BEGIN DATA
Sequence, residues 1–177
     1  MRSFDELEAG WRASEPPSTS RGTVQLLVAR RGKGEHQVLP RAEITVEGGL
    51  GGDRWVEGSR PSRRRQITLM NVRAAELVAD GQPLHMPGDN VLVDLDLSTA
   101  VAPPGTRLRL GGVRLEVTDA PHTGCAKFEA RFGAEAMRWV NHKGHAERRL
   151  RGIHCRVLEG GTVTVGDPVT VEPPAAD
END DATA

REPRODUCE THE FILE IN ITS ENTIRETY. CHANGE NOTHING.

Sequence, residues 1–177
     1  MRSFDELEAG WRASEPPSTS RGTVQLLVAR RGKGEHQVLP RAEITVEGGL
    51  GGDRWVEGSR PSRRRQITLM NVRAAELVAD GQPLHMPGDN VLVDLDLSTA
   101  VAPPGTRLRL GGVRLEVTDA PHTGCAKFEA RFGAEAMRWV NHKGHAERRL
   151  RGIHCRVLEG GTVTVGDPVT VEPPAAD